What if the person you were falling for was a total mystery?
While Lily is spacing out in Chemistry one day, she picks up her pencil and scribbles a line from one of her favorite songs on the desk. The next day, someone else has written back to her on the desk! Soon enough Lily and the mystery student are exchanging notes, and lyrics, and even sharing secrets. When Lily finds out that her anonymous pen pal is a guy, she’s flustered — and kind of feels like she’s falling for him. She and her best friend set out to unravel the identity of the letter writer — but when the truth is revealed, the guy is the LAST person Lily could have ever imagined it to be. Now that Lily knows the truth, can she untangle her feelings and gather the courage to listen to her heart?
From beloved author Kasie West (The Distance Between Us) comes an utterly charming story about mixed messages, missed connections, and the magic of good old-fashioned secret admirer notes.
The Rants and Raves of P.S. I Like You
Last year, Epic Reads provided me an advance reader’s copy of The Fill-In Boyfriend by Kasie West for their Early Reader’s Program. And you guys, I fell in LOOOOVE with this book; it was quirky, innovative, fun, swoon-worthy, and so heart-quenchingly adorable. The Fill-In Boyfriend was the first Kasie West book I read, even though she had several other publications before it. When I found out that Kasie had a new book coming out this year, P.S. I Like You, I immediately added it to my TBR list and my personal “2016-Wishlist.” Luckily, through a book exchange with a fellow book blogger (THANKS, Heidi!), I received an ARC of P.S. I Like You (EEEeekkk!!!).
Now I didn’t love P.S. I Like You, but I also didn’t hate it…I guess you could say I liked it. At first, I was not a big fan of the main character, a high schooler named Lily Abbott. She is very sarcastic, which I liked, but she is also a bit stand-offish, defensive, and very self-involved in her own little world.
Even though Lily has her faults (well, we all do, right?), she does have some likable qualities. First off, she is a very talented and self-determined songwriter. Lily is fierce and witty–overall, she doesn’t put up with people’s shenanigans.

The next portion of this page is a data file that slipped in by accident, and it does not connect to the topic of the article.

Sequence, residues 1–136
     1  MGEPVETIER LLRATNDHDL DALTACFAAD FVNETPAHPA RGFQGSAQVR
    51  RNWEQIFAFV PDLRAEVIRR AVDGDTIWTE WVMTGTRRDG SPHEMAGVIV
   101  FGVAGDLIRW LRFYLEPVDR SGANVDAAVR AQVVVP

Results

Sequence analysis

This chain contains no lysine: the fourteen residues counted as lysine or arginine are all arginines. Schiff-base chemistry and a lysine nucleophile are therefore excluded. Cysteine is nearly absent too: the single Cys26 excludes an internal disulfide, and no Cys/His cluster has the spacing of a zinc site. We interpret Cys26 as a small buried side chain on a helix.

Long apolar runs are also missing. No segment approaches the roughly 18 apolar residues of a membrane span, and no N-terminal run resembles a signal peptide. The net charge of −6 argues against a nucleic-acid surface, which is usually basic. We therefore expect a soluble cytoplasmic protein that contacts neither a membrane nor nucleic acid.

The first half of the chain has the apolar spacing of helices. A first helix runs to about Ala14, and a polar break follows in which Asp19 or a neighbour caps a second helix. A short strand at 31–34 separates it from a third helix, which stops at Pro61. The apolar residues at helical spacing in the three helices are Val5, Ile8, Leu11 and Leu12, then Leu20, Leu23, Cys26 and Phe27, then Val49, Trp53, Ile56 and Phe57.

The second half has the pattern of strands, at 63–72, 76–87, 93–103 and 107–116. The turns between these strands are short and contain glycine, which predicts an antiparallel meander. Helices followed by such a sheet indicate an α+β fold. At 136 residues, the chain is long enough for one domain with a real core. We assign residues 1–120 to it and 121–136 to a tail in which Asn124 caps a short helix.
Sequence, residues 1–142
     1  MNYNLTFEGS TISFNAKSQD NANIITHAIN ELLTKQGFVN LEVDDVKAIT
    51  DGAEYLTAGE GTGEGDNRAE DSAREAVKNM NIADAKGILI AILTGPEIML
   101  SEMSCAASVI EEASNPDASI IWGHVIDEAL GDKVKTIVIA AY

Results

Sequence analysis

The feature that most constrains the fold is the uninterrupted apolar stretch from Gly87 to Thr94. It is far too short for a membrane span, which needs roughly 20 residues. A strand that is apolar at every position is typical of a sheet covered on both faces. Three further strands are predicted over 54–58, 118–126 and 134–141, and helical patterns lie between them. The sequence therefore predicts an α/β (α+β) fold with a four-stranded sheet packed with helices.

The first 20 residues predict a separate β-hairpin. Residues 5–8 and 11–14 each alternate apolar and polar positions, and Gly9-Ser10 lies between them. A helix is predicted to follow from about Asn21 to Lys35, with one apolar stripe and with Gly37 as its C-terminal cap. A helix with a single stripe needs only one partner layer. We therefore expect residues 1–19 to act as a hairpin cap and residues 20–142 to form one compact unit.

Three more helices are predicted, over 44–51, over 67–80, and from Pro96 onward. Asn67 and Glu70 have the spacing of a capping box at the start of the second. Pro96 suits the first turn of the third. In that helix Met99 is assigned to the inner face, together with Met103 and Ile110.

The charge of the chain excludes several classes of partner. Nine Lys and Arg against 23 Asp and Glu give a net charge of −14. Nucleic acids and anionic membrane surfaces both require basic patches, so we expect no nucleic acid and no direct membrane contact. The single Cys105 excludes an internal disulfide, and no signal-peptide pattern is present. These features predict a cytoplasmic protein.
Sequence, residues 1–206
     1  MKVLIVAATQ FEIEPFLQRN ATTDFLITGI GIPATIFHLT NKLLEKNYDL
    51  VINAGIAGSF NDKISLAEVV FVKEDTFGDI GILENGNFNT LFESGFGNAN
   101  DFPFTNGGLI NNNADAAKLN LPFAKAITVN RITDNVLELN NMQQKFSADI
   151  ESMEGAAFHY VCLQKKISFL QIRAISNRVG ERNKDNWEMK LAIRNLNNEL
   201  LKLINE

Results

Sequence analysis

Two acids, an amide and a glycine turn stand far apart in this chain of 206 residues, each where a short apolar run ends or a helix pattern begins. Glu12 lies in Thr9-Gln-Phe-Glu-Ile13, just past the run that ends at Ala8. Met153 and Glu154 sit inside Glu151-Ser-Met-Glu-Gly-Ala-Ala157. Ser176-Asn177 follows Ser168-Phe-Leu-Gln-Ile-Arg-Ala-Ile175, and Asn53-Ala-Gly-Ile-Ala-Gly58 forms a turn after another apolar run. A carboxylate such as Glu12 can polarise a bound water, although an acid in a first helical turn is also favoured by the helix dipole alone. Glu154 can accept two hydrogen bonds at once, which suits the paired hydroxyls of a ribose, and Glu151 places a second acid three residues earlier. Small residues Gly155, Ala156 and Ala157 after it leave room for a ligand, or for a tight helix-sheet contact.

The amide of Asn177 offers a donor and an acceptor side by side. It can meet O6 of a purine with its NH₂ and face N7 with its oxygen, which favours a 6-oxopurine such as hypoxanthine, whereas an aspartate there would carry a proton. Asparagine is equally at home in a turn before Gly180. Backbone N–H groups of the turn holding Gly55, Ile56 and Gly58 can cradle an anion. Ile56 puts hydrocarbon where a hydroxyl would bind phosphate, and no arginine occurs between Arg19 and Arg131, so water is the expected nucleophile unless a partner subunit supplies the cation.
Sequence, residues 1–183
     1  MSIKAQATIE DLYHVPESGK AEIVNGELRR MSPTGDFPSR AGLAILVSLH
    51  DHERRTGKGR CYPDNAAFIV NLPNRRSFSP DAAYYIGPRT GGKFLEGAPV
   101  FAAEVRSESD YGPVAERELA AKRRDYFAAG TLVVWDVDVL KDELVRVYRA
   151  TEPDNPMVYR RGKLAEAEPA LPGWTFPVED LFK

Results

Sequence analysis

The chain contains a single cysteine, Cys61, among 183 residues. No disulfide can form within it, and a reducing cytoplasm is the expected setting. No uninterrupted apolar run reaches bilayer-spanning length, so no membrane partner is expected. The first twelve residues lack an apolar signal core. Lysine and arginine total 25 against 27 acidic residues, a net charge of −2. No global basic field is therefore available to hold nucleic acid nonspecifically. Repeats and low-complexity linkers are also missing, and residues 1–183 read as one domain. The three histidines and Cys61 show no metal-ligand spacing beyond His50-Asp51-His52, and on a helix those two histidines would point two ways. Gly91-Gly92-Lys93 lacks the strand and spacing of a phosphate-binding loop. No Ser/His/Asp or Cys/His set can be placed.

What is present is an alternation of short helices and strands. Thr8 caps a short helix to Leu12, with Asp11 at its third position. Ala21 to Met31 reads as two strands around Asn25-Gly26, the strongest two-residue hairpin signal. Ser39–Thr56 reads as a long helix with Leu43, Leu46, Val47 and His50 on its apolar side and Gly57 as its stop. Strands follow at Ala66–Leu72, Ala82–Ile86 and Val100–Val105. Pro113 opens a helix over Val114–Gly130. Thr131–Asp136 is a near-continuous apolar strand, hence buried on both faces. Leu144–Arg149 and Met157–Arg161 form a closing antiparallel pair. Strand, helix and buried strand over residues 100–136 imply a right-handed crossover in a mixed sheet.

She is also very family oriented. I really enjoyed the scenes of her interacting with her family. And her family members are off-the-wall hilarious. Lily’s family consists of her quirky and competitive parents, her rambunctious brothers (Thing One and Thing Two), and her wise, feisty older sister, Ashley. Even the family pet rabbit, Bugs Rabbit, was a fun highlight in the book and a pain in Lily’s butt, HAHAHA. The dynamics of the Abbott household are entertaining and very heartwarming. Their quirky traditions and the love that they all have for each other is very comforting. The Abbott family dynamics definitely won me over in this book.
The plot and twists in P.S. I Like You are quite predictable, but I still enjoyed the development and secrets that unfolded throughout the pages. While reading the first 200 pages, I thought the plot was too slow and I wanted something to happen. I mainly wanted to go beyond Lily’s grudges, wallowing, and self-pity. But as the story progressed, Lily became a more likable character. When she starts exchanging letters and song lyrics with a mysterious boy who shares her desk in a different Chemistry period, Lily begins to open up. Once these letters become a natural part of her day, I really liked how Lily challenges herself and, more importantly, her attitude becomes more tolerable. The main events that happen in the last 100 pages are definitely my favorite (SWOON!) and worth reading the whole book.
As I stated before, I did not find Lily to be a very likable character and her pessimism almost turned me away from reading the rest of the book. But I’m glad I finished the novel, because the ending was definitely worth all its swooning. Although I was not a fan of Lily, I was a HUGE fan of her “enemy” Cade. He’s funny, witty, and his attitude/actions are unexpected and swoony. He is an excellent choice to be Lily’s binary in P.S. I Like You.
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NOTE: I received this Advance Reader’s Copy (ARC) through a book trade with a fellow blogger. I was not provided a copy of this book by the author or the publisher for a review. All statements and honest opinions are mine.